Quality costs money, and profitability is just simple arithmetic: anything that affects income — such as Apple’s cut — goes into that equation.
To put it in concrete terms: the difference between 30% and something reasonable like 10% would probably have meant some of my friends would still have their jobs at Omni, and Omni would have more resources to devote to making, testing, and supporting their apps.
Jack Nicas and David McCabe, New York Times:
ClassPass built its business on helping people book exercise classes at local gyms. So when the pandemic forced gyms across the United States to close, the company shifted to virtual classes.
Then ClassPass received a concerning message from Apple. Because the classes it sold on its iPhone app were now virtual, Apple said it was entitled to 30 percent of the sales, up from no fee previously, according to a person close to ClassPass who spoke on the condition of anonymity for fear of upsetting Apple. The iPhone maker said it was merely enforcing a decade-old rule.
Airbnb experienced similar demands from Apple after it began an “online experiences” business that offered virtual cooking classes, meditation sessions and drag-queen shows, augmenting the in-person experiences it started selling in 2016, according to two people familiar with the issues.
Apple said it believed that Airbnb had long intended to offer virtual experiences — not that the business was created simply because of the pandemic — and that it would continue to do so once the world has resumed to normal. Apple also pointed out that Airbnb had never paid Apple any money despite the fact that it built its multibillion-dollar business with the help of its iPhone app.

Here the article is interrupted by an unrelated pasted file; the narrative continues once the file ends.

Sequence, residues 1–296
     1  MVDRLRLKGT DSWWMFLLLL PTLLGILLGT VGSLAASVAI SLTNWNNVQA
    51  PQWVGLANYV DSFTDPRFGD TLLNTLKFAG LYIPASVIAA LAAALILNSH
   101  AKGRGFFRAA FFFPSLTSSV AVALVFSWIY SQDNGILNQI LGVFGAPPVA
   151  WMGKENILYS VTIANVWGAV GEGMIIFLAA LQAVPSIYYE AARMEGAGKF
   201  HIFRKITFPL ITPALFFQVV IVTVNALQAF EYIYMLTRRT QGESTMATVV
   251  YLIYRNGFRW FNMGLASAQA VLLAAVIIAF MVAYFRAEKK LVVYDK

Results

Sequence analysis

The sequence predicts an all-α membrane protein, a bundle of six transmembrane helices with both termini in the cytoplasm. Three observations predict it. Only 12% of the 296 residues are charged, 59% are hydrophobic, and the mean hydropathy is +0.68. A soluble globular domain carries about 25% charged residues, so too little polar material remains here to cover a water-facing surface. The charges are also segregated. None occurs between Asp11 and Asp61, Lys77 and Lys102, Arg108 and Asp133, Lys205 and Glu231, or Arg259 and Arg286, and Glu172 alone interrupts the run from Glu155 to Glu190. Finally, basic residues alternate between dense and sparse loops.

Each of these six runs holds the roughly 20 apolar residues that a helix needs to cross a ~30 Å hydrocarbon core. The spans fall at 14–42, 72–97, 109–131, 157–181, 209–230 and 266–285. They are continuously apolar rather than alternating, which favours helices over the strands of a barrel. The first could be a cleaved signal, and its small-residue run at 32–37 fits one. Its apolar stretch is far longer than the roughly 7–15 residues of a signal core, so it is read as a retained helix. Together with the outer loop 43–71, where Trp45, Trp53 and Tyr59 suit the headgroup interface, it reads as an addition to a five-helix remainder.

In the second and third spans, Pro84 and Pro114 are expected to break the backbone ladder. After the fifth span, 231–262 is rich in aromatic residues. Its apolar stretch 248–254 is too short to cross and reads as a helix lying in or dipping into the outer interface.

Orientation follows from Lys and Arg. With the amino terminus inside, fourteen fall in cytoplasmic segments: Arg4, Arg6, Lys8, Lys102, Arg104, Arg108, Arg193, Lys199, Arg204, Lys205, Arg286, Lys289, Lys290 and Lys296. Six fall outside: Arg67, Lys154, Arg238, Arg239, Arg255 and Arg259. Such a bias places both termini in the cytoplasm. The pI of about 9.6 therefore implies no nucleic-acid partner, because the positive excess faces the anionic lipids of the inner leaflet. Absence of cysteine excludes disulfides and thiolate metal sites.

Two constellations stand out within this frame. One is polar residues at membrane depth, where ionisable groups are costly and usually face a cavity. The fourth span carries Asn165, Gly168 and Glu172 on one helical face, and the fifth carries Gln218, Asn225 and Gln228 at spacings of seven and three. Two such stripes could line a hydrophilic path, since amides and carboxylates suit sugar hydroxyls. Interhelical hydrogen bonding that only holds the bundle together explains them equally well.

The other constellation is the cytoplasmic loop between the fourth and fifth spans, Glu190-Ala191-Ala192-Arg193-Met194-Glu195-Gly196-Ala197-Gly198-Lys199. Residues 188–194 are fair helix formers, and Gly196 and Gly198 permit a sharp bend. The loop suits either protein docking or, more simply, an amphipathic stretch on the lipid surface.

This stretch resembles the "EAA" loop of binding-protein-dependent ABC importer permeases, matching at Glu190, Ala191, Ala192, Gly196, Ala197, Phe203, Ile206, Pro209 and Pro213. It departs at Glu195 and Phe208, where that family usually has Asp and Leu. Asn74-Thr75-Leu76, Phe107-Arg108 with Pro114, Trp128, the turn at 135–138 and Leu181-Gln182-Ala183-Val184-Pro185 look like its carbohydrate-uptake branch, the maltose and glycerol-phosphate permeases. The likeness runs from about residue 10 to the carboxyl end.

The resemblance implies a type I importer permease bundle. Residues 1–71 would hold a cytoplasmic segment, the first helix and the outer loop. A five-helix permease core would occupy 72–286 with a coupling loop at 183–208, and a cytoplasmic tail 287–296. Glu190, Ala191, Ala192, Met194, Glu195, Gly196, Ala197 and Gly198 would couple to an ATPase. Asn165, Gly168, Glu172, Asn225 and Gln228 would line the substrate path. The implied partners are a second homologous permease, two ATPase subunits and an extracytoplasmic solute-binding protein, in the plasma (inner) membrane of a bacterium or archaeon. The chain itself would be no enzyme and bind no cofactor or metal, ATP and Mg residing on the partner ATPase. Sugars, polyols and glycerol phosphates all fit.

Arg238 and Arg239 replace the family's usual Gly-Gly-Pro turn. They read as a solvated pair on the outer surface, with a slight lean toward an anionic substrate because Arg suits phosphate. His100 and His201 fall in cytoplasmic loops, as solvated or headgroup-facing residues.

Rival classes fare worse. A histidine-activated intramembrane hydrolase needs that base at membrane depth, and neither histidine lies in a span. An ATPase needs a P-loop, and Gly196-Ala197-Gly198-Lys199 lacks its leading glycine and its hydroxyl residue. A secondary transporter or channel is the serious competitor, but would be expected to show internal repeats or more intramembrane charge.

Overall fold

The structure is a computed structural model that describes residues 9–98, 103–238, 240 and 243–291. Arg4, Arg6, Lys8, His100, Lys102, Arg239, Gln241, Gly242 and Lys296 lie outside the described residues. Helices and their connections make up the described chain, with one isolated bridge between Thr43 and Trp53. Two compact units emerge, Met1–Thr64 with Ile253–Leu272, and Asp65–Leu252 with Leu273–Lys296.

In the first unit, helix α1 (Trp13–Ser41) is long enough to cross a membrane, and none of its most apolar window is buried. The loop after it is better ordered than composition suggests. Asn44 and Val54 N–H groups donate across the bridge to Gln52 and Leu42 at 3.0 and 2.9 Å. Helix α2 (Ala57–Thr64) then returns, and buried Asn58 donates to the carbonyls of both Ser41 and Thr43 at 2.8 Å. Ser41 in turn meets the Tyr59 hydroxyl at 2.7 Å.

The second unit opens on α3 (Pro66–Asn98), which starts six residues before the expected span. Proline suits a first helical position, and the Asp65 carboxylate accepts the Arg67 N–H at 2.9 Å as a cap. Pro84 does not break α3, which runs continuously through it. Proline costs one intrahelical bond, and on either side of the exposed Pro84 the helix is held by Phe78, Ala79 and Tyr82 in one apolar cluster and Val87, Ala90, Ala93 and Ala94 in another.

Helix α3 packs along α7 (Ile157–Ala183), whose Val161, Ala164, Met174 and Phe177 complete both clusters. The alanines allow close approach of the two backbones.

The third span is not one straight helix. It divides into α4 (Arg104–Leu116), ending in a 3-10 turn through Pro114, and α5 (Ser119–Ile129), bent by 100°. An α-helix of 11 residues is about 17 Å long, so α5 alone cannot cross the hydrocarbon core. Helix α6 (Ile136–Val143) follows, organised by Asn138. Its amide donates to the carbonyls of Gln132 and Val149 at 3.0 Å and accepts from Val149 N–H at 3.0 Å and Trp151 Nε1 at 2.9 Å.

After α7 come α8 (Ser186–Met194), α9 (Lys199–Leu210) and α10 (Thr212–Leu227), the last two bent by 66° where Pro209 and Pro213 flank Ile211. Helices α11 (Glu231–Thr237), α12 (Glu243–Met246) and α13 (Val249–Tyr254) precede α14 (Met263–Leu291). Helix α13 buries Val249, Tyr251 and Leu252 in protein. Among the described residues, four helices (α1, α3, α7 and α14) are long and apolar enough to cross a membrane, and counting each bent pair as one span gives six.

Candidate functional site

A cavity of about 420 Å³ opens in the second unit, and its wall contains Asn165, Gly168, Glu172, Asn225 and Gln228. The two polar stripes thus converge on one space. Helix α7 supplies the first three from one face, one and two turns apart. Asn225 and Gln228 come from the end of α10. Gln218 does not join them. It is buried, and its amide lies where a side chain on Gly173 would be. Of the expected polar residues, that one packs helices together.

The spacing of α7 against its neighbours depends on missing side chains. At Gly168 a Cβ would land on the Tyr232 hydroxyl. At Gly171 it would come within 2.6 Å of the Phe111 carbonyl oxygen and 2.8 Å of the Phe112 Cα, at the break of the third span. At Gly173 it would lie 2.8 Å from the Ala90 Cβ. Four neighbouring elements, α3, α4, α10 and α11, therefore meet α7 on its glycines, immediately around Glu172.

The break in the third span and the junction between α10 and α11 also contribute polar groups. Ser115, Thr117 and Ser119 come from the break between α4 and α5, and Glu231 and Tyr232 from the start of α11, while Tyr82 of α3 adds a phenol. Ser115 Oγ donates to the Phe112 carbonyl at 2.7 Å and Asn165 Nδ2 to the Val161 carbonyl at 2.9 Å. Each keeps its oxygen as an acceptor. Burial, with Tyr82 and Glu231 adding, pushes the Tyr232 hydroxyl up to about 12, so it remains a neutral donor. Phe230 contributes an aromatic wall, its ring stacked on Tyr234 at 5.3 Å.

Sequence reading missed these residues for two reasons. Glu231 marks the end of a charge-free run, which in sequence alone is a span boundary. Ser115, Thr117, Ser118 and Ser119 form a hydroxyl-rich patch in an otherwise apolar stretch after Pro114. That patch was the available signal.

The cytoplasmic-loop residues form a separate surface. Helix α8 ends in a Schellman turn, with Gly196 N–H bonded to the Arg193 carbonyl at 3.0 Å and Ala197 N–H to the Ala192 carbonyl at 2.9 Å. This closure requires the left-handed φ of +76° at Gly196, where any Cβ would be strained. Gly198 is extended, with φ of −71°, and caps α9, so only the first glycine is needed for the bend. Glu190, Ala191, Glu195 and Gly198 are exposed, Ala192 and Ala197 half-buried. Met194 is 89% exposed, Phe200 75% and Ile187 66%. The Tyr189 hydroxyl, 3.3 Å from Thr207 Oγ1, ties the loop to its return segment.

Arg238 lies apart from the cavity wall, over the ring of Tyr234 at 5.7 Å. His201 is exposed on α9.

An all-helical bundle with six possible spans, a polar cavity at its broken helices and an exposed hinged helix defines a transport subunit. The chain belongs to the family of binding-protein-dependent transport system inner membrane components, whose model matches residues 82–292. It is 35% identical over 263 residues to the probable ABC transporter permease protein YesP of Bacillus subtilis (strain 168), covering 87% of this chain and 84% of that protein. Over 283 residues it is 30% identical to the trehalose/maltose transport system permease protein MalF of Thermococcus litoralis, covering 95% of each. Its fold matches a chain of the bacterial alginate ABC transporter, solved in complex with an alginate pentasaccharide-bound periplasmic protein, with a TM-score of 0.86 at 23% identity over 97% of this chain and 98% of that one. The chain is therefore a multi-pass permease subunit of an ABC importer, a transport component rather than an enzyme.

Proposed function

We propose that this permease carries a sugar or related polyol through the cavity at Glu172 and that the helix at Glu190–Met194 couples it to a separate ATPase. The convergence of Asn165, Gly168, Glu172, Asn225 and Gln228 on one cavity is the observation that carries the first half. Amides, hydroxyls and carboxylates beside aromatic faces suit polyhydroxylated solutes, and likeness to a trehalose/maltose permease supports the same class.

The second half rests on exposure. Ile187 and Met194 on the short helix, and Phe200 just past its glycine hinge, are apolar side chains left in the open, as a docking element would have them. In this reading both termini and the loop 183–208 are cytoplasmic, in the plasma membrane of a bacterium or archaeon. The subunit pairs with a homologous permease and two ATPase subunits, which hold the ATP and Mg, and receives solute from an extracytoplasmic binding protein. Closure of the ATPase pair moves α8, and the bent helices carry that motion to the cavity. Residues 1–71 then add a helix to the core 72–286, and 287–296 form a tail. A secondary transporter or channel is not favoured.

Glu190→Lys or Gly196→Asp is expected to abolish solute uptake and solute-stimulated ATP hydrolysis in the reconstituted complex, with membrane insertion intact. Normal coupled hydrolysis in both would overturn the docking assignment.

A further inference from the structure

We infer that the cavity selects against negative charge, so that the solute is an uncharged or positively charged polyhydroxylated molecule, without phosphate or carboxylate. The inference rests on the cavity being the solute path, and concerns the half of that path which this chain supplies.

At least Apple is being consistent and not offering Airbnb and ClassPass a sweetheart deal, as it did with Hulu and Netflix on the Apple TV.
I’m not sure many people are swayed by the line Apple keeps dropping about how some developers, despite paying no more than the Apple Developer annual fee, have built successful businesses with its platforms. Developers sold software for the Mac decades before the App Store came along — it’s not like Apple got a cut of any of those purchases, but I bet it gained some lifelong customers because of some of that software.
Dieter Bohn, the Verge;
All of these arguments are old hat. And though the Netflixes, Fortnites, and Spotifys of the world are surely vexed by Apple’s policies, I think that for many smaller developers the 30-percent fee is simply not at the top of their list of concerns. Higher priorities likely include prices being driven down, market dynamics being corrupted by free-to-play games, upgrades made difficult because of limited pricing models, review-bombing over subscription fees, and just making payroll.
No matter whether the thirty percent commission is at the top of a developer’s list of priorities, it is only being scrutinized so closely because native third party apps cannot be distributed for any of Apple’s non-Mac platforms outside of the App Store. I feel like something has to give.